Have you ever wondered why some of your family members develop chronic diseases or cancers while others do not? Or why identical twins are not exactly identical? The answers to these questions are not completely answered by modern medicine. New research is showing that expression of our genes comes down to the food we eat, the thoughts we think, and the environment we live in. This is a form of biology known as epigenetics.
Epigenetics was first published by Dr. Bruce Lipton, a research scientist and former professor at the University of Wisconsin. He shares his revolutionary findings in a growing field of epigenetics in his book, “The Biology of Belief.” Using a simple petri dish filled with stem cells, Dr. Lipton showed that the health of these cells were influenced by the medium (a.k.a. environment) they were exposed to.
Epigenetics means “above” or “on top of” genetics. It refers to external modifications to DNA that turn genes “on” or “off.” These modifications do not change the DNA sequence, but instead, they affect how cells “read” genes. Every living organism on earth has it’s own specific genome. This is an organism’s complete set of DNA, including genes, found in every single cell of that organism. Each individual DNA sequence is a conglomeration of their parents, yet unique to that individual. According to Dr. Lipton’s research we may not have control of our genetics, but we can control how they’re expressed.
So what are these environmental factors that can affect the expression of our genes? Simply put, they are the “choices” we make in life. What we think, how we feel, foods we eat, relationships we make, how stressed we are, etc… All of these things influence our perceptions of the world and thus how we express our genes.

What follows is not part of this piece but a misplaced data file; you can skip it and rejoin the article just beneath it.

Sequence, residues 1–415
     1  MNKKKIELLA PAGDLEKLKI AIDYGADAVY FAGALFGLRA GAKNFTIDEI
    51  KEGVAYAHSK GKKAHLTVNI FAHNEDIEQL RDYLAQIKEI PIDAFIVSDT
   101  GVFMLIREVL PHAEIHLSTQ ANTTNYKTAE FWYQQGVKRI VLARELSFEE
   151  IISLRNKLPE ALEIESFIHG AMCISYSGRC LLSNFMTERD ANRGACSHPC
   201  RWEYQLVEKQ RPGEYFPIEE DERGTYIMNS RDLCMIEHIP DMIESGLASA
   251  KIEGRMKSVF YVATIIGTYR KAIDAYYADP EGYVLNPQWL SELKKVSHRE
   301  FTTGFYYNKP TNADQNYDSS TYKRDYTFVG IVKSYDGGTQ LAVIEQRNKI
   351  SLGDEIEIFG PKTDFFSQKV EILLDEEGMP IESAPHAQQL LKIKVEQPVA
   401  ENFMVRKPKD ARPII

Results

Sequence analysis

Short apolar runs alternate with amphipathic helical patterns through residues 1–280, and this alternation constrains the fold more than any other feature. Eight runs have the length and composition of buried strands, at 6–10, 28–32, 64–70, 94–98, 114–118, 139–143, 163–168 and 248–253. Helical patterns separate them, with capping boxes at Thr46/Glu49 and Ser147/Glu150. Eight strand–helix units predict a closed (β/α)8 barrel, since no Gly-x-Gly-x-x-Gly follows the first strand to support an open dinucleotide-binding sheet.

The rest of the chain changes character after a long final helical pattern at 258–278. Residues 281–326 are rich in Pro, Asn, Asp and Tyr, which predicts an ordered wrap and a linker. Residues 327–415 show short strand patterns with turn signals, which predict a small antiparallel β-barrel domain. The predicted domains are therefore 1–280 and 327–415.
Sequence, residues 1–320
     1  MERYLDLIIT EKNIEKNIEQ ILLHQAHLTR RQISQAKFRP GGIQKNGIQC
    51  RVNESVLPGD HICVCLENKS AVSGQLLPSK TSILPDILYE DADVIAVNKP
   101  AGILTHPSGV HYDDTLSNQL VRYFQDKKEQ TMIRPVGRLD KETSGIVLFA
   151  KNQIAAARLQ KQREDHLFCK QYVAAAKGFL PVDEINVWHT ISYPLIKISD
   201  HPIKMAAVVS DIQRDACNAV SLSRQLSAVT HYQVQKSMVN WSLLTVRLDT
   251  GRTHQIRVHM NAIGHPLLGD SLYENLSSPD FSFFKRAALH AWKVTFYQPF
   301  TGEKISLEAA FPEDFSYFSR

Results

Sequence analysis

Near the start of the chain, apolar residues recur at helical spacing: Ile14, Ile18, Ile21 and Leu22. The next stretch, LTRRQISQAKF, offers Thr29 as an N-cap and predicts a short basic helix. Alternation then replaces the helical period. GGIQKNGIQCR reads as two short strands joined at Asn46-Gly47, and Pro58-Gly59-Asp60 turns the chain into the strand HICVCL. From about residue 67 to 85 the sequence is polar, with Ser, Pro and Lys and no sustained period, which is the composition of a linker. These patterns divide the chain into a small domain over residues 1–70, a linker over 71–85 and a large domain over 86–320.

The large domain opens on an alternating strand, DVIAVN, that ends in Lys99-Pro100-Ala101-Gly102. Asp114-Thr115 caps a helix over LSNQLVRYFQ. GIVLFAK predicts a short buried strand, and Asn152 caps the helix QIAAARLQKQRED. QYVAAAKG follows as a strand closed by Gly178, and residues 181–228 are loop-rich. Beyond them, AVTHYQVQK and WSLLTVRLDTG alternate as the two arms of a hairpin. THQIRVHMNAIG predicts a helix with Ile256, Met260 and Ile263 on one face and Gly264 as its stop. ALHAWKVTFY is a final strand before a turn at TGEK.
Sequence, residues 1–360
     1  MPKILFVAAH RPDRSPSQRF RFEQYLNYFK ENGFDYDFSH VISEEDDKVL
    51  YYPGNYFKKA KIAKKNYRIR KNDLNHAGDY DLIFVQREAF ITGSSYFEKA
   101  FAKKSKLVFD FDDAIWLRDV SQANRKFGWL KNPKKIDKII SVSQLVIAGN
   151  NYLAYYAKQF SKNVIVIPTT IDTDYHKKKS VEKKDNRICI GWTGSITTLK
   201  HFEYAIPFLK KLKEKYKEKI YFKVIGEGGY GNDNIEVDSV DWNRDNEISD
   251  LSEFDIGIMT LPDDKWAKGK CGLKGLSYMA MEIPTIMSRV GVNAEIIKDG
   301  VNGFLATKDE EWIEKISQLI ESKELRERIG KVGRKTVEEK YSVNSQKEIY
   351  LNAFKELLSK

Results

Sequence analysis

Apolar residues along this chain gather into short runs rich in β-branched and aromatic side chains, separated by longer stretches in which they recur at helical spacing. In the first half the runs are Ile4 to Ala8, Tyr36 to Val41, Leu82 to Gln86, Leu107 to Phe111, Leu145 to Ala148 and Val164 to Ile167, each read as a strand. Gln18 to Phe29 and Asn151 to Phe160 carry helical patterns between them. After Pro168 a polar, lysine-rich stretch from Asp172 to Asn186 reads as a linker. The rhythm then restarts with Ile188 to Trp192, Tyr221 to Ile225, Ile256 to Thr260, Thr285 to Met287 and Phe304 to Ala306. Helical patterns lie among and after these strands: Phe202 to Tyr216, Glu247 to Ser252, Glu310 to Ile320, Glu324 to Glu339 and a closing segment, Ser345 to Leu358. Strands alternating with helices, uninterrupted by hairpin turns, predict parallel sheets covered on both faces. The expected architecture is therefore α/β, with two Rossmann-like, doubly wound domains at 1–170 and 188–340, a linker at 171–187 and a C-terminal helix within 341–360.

What’s more, your genes aren’t just expressed through what you eat, what you drink, or how much you exercise. According to epigenetic principles, your genetic expression might also be associated with your parents’ behavior. What your mother ate, how much your father drank, and even what your grandmother smoked may affect your genetic expression. Thus, the expression of your kids’ own genes may be shaped by the choices you make and environment you live in.
An example of this was an observed in the Netherlands.
Towards the end of the Second World War, something unprecedented happened in modern Europe: a famine. The Allies’ attempt to push across the Rhine in September 1944, had failed. The Nazis had blocked towns across the western Netherlands for over six months, leading to food shortages. This became known as the Dutch Hongerwinter. Each person only had 580 calories of food per day. Over 22,000 people died from malnutrition, and thousands of babies were born underweight. (paraphrasing Chris Bell’s Telegraph article)
When researchers analyzed the Dutch medical records decades later, they noticed that the infants who survived were more prone to health problems. But they also found a curious anomaly. These children’s own children – born years later, and well fed – were also underweight. The famine had, it seemed, “scarred” the victims’ DNA. (paraphrasing Chris Bell’s Telegraph article)
This emerging research on epigenetics highlights why it is so important to make choices with wellness in mind. Life is not completely predetermined by our genes. Genes are no longer a crutch or an excuse. Just because your father had heart disease or your mother had diabetes, doesn’t mean that you have to. The environment you place yourself in and the corresponding affect on your genes is what determines our life outcomes. And not just our life outcomes, but the life outcomes of your children and grandchildren.
In the following weeks, we will discuss how to change our environment for better outcomes based on actual human genetic needs.